Transportation regulations are easy to comply with and have little to no effect on a shipper, right? Not exactly! There are several regulations that can have direct impact on the ability for a driver to deliver your cargo reliably. As a savvy shipper, it’s wise to stay current on the latest regulations that carriers must abide by and understand the ripple effect of how these rules can impact your shipments for the better and the worse.
Commercial Driver Licensing
Similar to individual driver licensing, commercial drivers must carry a special license qualifying them of the ability to drive a commercial motor vehicle such as tractor trailers, semi-trucks, dump trucks, and busses. To earn a commercial driver license (CDL), individuals must have a regular driver license, be 21 years or older, and have 1 to 2 years of driving experience, and have a valid Medical Examiner’s Certificate among other requirements.
Impact: A valid CDL not only certifies that a driver is physically and mentally qualified to operate a truck, but it also mandates that the driver is not subject to disqualification under any state law, or that he/she has no suspensions or revocations in any state. These qualifiers are important to ensure your cargo is in good hands. The two-year experience requirement forces drivers to train for a certain number of hours before getting on the road.
The federal government has placed weight restrictions on trucks to increase road safety. If a truck is too heavy, it’s more prone to tip over and create large accidents. To regulate weight restrictions, trucks must stop at weigh stations and/or pass a visual inspection. Every state has slightly different weight restrictions that trucks must abide by.
Impact: Depending on how busy the roads are, a truck can be held up at a weigh station, delaying your delivery. If a truck is verified as overweight, this can cause further delays.
Hours of Service
The Hours of Service (HOS) rule has gone through several iterations since its enactment in 2011. The rule limits the number of consecutive hours that a driver is operating a truck without a proper rest. This is an increased safety measure to prevent driver fatigue and to reduce accidents. The rule states that drivers may drive on the road for a maximum of 11 hours of driving (or have up to 14 hours on-duty) after 10 consecutive hours off-duty. Or drivers may drive a maximum of 10 hours after eight hours off-duty. Drivers may not exceed 60-hours over seven consecutive days; and must take 30-minute breaks after eight hours.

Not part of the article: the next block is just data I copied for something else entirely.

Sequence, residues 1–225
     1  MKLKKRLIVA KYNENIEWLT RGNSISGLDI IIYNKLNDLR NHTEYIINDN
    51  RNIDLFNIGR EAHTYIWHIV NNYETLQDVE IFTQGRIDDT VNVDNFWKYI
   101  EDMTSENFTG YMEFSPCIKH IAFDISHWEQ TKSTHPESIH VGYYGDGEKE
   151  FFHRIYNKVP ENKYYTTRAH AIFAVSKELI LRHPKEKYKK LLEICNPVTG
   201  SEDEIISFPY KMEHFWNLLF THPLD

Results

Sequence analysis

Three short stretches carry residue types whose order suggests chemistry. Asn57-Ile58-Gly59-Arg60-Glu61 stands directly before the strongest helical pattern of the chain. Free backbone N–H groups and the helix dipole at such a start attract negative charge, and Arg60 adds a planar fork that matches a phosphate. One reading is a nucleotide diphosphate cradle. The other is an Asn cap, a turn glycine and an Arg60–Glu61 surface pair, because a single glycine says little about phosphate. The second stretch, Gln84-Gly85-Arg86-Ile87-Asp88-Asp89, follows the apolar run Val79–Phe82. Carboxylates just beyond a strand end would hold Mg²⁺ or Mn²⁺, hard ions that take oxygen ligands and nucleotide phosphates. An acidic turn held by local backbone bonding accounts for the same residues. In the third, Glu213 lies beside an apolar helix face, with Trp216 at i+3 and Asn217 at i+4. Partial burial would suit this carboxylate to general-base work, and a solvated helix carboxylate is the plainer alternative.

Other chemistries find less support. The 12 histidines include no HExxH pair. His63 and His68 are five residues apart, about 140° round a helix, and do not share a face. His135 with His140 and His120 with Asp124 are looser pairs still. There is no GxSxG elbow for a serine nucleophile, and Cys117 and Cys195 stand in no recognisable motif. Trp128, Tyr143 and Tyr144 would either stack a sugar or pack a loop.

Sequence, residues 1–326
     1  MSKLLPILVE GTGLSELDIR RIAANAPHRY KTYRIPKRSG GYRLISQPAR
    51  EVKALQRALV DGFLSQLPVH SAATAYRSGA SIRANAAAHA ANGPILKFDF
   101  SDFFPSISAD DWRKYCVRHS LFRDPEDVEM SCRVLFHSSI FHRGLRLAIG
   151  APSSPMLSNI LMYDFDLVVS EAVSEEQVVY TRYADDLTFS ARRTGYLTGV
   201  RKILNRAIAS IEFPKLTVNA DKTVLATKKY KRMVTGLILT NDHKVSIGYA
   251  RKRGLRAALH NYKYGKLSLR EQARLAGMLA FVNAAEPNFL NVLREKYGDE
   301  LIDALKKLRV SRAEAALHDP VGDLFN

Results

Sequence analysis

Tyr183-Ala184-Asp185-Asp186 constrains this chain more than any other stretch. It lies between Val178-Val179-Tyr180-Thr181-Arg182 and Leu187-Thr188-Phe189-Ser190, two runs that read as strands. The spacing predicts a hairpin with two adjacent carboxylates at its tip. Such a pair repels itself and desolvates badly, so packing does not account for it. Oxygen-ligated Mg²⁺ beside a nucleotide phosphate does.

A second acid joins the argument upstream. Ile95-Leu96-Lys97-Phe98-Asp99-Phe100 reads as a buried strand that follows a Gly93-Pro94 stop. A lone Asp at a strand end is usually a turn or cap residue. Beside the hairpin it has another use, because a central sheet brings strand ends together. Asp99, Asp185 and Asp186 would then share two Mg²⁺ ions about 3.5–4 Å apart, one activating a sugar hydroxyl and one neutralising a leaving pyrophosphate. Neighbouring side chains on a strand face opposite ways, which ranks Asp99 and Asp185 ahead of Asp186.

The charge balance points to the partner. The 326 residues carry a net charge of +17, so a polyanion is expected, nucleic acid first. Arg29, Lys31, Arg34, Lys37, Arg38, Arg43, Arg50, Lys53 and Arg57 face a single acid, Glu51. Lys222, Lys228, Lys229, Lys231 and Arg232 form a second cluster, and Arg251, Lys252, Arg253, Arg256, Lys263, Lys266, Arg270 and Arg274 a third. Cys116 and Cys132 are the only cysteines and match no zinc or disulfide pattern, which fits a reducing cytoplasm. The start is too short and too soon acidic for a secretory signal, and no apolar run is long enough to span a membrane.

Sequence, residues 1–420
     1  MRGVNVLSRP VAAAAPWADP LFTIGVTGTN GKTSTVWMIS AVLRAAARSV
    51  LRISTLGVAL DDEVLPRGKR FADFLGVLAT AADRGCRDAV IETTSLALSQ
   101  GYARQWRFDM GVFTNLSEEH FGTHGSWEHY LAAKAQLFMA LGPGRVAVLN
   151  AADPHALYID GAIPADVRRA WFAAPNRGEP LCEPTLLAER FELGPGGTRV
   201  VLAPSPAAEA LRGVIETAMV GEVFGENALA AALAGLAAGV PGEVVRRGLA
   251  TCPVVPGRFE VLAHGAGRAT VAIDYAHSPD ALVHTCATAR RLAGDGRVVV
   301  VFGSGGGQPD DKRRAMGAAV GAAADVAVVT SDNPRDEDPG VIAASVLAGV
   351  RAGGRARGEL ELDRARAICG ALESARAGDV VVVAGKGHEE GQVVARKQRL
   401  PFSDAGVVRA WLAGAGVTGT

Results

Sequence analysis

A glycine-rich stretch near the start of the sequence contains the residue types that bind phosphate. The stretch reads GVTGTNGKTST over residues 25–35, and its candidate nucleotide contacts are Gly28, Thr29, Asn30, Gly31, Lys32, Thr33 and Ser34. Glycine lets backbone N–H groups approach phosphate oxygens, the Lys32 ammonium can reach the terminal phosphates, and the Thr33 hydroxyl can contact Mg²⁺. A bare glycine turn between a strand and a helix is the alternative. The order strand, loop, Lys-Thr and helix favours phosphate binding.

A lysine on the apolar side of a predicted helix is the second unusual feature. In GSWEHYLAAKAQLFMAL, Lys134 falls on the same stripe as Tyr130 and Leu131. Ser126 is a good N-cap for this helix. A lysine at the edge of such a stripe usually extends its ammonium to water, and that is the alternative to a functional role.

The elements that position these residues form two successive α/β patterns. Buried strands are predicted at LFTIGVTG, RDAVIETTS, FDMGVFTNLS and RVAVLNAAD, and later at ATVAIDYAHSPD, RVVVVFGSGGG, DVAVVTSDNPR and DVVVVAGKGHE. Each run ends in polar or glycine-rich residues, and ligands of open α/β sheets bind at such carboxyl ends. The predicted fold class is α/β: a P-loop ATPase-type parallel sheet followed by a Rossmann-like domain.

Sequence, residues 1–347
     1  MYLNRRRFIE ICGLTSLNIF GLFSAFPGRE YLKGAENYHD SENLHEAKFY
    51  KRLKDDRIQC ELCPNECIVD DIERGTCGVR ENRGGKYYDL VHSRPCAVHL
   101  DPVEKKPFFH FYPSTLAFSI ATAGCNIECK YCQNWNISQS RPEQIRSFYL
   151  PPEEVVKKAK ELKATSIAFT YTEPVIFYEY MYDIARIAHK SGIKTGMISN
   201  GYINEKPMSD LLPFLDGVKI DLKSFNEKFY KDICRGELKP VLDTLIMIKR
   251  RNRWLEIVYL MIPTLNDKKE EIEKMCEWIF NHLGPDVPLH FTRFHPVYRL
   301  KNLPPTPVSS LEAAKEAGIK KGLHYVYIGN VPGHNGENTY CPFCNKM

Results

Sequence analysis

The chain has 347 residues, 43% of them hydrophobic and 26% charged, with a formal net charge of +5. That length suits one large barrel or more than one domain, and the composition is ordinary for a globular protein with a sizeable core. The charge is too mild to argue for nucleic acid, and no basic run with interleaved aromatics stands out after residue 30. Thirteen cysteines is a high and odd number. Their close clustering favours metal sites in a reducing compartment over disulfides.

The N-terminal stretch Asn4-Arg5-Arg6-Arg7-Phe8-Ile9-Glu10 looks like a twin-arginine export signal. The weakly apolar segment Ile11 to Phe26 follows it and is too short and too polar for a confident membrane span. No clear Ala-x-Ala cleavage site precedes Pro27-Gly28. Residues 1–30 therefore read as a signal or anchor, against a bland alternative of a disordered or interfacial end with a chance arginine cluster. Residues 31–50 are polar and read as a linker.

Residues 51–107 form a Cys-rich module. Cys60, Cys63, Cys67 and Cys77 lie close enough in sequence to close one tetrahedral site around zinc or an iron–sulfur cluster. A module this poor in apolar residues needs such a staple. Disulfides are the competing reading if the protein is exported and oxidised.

Impact: HOS can impact the drivers’ ability to deliver or pick-up on time. If a driver does not factor his off-duty hours into the route, he/she can experience an interruption and fall behind. Additionally, drivers can be placed on shut down until off-duty hours have been accumulated to resume. There could be financial fines and penalties associated with HOS violations as well.
Electronic Logging Devices
An offshoot to the HOS rules is the electronic logging device (ELD) mandate. Previously, truck drivers logged hours manually in a written book. But it left a lot of room for non-compliance. The government now mandates that trucks be equipped with an electronic logging device to comply with HOS rules. The ELD connects directly with the truck engine, requiring drivers to select on-duty or off-duty status, and graphically tracks hours so there’s no confusion on the number of hours accumulated.
Impact: Like the HOS rule, ELD adds a new layer of technology and enforcement of drivers. If the truck is not equipped with an ELD device, the motor vehicle is not in compliance with HOS or ELD and risks losing driving privileges.
The goal of these regulations is to improve driver safety for everyone. With that, carriers have a responsibility to uphold these rules and arrange travel accordingly. Evans Distribution Systems has implemented our own system to track our drivers and work with quality partner carriers. How does your driver stack up? Take this free Carrier Scorecard quiz to see if you are working with an individual that you can rely on. Our transportation experts are waiting to assist you today, call us at (313) 827-9163 or request a quote online.